3. Summary of Results from the Field Testing Exercise

3.1 Comparison with chemiluminescent technique

The average diffusion tube measurement for the period 4th August - 1st September 1999 was 17.7ppb, with a standard deviation of 2.1ppb. The average measurement for the same period, from the co-located chemiluminescent NOx analyser, was 19ppb. Table 1 presents the bias as a percentage for the averaged measurement by a laboratory relative to the average measurement from the automatic chemiluminescent analyser for the same period. Code numbers are used to identify each laboratory. Table 1 shows that only three laboratories exhibited a bias relative to the automatic analyser of greater than the target of 25%, and of these three none exceeded this target by more than 6%.

Table 1 Average bias and standard deviation of NO2 diffusion tube measurements, by laboratory

Laboratory code

% Bias relative to automatic analyser 1999

Standard Deviation 1999

% Bias relative to average diffusion tube conc. 1999

% Bias relative to average diffusion tube conc. 1998

1

+49.0

2

+4.9

2.76

+12.5

+16.8

5

-10.6

2.97

-4.2

-21.7

6

-4.3

0.28

+2.6

+9.4

7

-19.9

1.67

-14.2

-1.8

8

-21.5

1.69

-15.9

-26.2

9

-14.6

3.51

-8.4

-16.5

10

-5.9

5.09

+0.9

-0.5

11

-23.6

12

-18.2

1.70

-12.3

-5.9

13

+17.0

1.35

+25.4

+40.2

15

+4.2

1.84

+11.7

+26.7

16

+9.6

0.68

+17.4

+11.8

17

-25.2

2.74

-19.8

+7.6

18

+5.2

1.37

+12.7

+16.0

19

+11.1

0.90

+19.1

-26.3

21

-30.7

0.84

-25.7

+12.8

22

-22.9

2.35

-17.4

-23.5

23

+57.9

26

-3.0

1.67

+4.0

+10.3

27

-0.8

2.44

+6.4

+18.1

28

-28.7

2.83

-23.5

-16.6

30

+10.1

1.60

+18.0

+22.0

32

+14.7

3.69

+22.9

+3.2

34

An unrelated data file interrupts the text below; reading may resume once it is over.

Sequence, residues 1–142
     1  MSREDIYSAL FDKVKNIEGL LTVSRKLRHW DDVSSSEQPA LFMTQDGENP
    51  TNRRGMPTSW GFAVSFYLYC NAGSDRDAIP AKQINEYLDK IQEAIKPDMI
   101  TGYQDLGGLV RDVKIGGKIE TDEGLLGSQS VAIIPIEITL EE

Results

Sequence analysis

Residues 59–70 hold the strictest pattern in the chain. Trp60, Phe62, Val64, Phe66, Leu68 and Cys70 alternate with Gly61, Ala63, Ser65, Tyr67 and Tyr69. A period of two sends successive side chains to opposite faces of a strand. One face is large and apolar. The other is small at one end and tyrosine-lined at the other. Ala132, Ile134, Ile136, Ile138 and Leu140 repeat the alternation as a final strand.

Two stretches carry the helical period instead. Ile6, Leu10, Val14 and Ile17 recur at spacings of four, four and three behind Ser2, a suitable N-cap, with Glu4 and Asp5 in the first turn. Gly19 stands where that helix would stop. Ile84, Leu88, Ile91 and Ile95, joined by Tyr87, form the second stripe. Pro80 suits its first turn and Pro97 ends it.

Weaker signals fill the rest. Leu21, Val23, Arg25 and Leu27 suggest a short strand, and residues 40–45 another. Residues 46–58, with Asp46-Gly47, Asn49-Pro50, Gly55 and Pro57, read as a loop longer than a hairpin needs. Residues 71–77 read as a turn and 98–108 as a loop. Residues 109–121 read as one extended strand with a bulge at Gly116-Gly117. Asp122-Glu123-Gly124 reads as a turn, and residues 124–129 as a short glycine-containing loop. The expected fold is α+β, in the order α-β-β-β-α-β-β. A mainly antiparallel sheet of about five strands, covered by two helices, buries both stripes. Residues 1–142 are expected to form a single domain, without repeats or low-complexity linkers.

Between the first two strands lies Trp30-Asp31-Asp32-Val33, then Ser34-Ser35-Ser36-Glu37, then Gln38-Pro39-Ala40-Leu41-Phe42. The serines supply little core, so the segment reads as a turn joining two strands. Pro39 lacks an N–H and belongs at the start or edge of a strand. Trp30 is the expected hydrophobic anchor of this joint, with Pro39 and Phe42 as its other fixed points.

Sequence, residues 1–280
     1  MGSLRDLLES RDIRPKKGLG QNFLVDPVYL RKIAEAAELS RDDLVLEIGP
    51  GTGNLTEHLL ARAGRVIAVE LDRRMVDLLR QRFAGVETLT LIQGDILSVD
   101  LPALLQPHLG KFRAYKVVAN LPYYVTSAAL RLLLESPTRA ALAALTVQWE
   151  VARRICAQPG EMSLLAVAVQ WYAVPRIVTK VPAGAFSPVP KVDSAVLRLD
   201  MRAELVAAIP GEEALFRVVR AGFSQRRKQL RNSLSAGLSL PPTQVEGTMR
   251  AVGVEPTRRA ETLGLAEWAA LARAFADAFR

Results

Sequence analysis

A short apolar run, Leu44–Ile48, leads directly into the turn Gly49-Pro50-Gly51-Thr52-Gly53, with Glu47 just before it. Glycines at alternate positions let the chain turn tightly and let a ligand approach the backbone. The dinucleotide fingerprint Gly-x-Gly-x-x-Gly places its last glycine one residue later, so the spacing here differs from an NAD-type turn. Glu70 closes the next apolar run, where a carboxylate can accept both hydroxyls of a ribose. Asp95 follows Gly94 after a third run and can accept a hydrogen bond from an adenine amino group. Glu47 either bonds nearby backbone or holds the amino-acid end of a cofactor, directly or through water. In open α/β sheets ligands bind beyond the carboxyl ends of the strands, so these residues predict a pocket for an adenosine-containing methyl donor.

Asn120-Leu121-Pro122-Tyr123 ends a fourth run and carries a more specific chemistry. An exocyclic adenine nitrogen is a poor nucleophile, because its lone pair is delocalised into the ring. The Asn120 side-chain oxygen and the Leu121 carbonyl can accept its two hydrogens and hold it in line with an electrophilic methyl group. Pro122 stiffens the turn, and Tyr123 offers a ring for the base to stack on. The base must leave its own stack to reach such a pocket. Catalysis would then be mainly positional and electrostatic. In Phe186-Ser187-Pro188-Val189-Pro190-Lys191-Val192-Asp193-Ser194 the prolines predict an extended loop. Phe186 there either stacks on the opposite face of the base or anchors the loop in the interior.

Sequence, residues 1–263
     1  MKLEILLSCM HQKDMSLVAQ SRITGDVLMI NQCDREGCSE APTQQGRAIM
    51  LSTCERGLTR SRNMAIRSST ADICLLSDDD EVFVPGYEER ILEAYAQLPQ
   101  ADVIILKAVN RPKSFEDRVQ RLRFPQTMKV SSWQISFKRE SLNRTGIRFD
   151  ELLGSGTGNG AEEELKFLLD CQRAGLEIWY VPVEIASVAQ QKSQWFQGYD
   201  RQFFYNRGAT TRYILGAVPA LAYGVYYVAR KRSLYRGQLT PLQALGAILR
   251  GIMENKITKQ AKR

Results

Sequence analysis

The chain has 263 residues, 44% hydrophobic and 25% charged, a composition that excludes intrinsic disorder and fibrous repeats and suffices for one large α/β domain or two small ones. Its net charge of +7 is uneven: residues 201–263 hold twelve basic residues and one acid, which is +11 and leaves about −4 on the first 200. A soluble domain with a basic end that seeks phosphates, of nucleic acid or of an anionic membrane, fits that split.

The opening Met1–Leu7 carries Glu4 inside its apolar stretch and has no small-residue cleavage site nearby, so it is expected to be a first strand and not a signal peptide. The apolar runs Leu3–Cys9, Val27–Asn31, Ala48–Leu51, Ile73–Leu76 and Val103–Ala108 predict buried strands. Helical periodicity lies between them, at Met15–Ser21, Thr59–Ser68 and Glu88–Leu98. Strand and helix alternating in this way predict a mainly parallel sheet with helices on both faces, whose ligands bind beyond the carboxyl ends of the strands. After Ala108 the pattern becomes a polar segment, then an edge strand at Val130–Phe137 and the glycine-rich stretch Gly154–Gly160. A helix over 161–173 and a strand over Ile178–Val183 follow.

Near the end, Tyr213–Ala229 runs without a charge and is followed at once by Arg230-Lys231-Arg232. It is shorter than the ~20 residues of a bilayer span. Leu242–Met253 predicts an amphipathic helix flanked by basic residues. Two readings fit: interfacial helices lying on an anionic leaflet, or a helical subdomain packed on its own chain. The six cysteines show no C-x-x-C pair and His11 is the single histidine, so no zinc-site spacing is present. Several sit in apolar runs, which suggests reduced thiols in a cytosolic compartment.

-5.5

3.20

+1.3

-11.1

35

-21.7

1.19

-16.1

-7.8

36

-2.3

1.89

+4.7

+21.0

37

-10.0

0.50

-3.5

+19.9

38

+7.9

3.23

+15.6

-38.2

39

+21.9

40

+4.2

2.58

+11.7

-1.7

41

-23.7

1.25

-18.2

-18.2

42

-15.3

1.14

-9.2

-39.3

43

-23.2

44

+1.6

47

-19.9

3.13

-14.1

-13.8

48

-17.0

3.05

-11.0

-8.5

49

+24.4

2.26

+33.4

+2.6

50

-12.8

2.90

-6.6

Average

-6.7

2.13

0.0

1.2

Reference concentration (chemiluminescent automatic analyser) = 19 ppb

Average diffusion tube measurement = 17.7 ppb

Table 1 also indicates that on average laboratory analyses underestimated by approximately 7% relative to the automatic analyser. This observation is presented graphically by Figure 1, which shows the distribution of bias in averaged laboratory measurements relative to the chemiluminescent analyser. Clearly, the majority of analyses under estimate concentrations relative to the automatic technique. It is also clear that a large proportion of the laboratories exhibiting under reads use diffusion tubes prepared by the same method. This observation will be further discussed in section 4.



The 1998 field intercomparison also identified an average negative bias relative to the automatic method. As explained in the 1998 intercomparison report, historically, diffusion tubes have been shown to over-read, rather than under-read relative to chemiluminescent measurements by up to 30% (Campbell et al)6. Over-read in diffusion tubes may be attributed to the individual and combined effect of three interfering factors: